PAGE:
As you may know, I wear shoelaces made from World War II-era Allied parachute silk spun into mili-coils around a braided jute core and wrapped in a sheath of bias-woven organic cotton (51% Carolinian / 49% Egyptian). Each shoelace takes 8-10 months to produce and requires three separate fittings. The laces are then hand-waxed in England by Barbour and cooled in a French wine cellar for three months. Finally, the aglets are made from brass salvaged from a sunken Napoleon-era 6-pound cannon, and sealed with a natural vegetable resin formulated by Basotho artisans. No man should leave the house in laces that cost less than $18,000.
In other words, I buy my shoelaces from the drugstore and pay about $1 for a package of four. I tend to prefer the slim round type over the flat "tape" style.
This is where it gets stupidly specific (and real). Laces need stretch/give and maneuverability through the eyelets of your shoes for both putting on and for walking, and waxed laces don't allow for it. However, waxed laces keep your shoes tied better than anything else, and unwaxed ones will never stay in place with a simple knot. The best laces, therefore, might be unwaxed in the middle half, and waxed at the end quarters. Nerdy, but true.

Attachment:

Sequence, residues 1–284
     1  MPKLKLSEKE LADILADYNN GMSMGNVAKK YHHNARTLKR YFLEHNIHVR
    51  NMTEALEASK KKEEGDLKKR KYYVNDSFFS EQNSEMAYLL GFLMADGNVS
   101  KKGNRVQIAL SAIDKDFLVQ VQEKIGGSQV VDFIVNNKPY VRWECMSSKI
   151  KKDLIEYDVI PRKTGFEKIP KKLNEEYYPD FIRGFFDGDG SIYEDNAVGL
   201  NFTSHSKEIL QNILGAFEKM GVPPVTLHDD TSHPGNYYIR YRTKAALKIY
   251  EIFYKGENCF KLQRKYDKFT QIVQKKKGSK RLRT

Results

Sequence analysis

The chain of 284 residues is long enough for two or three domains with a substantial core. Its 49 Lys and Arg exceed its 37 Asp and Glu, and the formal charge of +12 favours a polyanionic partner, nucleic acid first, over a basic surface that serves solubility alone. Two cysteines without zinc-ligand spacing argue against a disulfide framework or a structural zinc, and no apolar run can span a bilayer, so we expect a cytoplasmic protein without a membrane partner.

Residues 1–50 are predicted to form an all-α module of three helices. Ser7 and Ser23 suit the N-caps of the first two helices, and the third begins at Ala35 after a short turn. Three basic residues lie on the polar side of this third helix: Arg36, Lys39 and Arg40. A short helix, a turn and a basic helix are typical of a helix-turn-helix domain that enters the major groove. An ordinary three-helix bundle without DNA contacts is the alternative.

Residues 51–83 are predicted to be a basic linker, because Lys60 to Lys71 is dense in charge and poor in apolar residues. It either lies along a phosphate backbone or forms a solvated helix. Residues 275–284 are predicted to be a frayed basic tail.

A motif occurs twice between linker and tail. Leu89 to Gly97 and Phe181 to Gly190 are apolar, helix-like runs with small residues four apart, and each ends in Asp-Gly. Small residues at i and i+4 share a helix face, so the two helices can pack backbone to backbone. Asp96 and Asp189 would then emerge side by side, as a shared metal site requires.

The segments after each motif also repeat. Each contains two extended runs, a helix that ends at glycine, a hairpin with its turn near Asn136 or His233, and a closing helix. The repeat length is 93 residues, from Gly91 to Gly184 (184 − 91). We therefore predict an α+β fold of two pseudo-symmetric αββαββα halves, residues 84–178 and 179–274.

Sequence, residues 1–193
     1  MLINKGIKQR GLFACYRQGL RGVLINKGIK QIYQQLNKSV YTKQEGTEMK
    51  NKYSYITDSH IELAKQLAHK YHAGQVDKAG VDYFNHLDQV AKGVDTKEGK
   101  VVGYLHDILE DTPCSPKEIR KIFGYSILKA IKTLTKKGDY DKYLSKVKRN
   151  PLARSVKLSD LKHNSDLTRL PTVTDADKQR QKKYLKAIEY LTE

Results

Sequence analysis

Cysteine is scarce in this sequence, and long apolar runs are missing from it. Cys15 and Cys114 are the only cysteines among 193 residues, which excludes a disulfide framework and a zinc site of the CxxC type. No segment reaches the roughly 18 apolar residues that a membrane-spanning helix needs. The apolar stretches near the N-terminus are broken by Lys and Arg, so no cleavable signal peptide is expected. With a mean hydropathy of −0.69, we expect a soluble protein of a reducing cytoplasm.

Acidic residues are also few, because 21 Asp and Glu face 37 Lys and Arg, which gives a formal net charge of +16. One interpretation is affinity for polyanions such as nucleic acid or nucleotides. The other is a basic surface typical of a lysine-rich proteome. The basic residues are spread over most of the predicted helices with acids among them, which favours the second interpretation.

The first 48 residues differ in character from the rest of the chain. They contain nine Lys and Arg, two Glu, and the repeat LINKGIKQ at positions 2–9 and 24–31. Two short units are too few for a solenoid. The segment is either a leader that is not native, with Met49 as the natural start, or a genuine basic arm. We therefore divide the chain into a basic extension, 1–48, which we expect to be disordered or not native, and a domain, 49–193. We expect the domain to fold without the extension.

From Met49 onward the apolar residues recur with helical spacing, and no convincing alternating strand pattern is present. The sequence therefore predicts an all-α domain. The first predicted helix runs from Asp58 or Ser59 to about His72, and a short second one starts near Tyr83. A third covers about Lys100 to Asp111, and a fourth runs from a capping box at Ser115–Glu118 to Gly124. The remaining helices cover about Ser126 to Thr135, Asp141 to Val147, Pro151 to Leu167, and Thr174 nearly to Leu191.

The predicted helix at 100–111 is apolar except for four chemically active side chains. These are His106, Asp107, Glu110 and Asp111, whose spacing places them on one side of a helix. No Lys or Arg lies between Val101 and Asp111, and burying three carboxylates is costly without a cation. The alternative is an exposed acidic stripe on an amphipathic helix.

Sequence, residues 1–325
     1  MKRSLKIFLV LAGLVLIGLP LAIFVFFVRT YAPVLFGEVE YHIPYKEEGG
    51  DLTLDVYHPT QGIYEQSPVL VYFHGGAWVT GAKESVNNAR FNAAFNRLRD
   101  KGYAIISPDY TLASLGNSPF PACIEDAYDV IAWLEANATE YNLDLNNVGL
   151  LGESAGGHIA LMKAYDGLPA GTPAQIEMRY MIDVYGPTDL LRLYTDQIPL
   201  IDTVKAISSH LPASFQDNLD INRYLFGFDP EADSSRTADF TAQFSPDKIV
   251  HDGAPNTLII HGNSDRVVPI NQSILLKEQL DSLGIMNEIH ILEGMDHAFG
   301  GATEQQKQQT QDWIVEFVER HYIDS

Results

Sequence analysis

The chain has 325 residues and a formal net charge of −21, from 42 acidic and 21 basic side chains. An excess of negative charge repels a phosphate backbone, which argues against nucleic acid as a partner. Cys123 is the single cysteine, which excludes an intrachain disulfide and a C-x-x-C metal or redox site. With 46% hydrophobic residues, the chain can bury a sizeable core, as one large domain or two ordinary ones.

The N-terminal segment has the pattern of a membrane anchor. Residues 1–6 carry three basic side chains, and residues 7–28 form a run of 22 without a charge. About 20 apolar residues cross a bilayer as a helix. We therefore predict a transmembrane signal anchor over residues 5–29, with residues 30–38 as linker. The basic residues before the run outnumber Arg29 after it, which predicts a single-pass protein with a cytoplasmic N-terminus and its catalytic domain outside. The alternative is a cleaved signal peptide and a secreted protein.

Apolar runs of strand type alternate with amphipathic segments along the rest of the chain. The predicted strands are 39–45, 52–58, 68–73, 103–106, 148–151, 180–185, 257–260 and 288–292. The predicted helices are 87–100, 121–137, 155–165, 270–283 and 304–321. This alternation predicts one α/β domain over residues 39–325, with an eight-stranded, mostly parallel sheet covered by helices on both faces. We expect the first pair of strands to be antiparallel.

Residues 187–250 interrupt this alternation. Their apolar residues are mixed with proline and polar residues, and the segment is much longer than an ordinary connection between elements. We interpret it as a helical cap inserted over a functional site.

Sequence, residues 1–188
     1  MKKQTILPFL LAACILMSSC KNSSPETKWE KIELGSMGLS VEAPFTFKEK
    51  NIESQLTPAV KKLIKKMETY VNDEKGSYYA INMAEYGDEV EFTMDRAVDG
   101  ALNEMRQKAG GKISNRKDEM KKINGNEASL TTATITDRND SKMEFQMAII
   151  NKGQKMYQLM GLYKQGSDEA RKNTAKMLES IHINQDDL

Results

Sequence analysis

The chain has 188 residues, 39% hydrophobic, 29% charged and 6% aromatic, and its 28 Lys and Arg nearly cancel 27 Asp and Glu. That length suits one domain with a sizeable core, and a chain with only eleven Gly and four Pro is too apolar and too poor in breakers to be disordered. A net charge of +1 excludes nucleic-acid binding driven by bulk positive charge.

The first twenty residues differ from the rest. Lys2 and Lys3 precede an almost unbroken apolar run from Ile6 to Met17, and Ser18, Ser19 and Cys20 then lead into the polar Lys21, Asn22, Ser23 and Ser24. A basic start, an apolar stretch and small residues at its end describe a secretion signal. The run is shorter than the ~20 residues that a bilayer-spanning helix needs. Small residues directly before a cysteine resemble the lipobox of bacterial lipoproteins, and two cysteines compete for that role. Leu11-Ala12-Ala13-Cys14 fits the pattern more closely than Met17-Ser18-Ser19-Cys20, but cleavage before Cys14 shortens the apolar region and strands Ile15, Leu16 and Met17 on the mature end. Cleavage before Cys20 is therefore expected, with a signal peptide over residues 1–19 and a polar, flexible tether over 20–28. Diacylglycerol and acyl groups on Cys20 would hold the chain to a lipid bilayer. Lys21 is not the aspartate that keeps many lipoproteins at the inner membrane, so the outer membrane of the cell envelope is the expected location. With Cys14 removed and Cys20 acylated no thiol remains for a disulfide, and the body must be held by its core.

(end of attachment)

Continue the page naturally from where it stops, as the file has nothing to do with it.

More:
The solution (and this is where I'm not joking) is to buy unwaxed laces, and wax the ends yourself. You will need:
2. Four-to-six seconds of free time
Beeswax is preferred because it is colorless and won't bleed onto canvas shoes, pants, or a boat's deck.
Even some candle wax will do. You can be as fancy as you'd like. Use your Barbour wax dressing on your laces to let people know that you have WAY too much free time / no social life.
It's likely that another men's style blog has already provided this advice, but I couldn't be bothered to check. This technique is used by sailors to keep (cotton or leather) laces tied after drenching and sloshing, and waxed leather laces on polished Top-Siders is a sure sign that someone is familiar with boats.